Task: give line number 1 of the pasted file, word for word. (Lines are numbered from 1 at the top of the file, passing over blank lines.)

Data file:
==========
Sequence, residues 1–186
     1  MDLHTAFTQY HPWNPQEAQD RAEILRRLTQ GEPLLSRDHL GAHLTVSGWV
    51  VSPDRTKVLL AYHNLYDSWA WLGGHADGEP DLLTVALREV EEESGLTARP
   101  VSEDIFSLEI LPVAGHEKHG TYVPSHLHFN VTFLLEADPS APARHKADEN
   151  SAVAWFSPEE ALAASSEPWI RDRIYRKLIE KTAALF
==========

Sequence, residues 1–186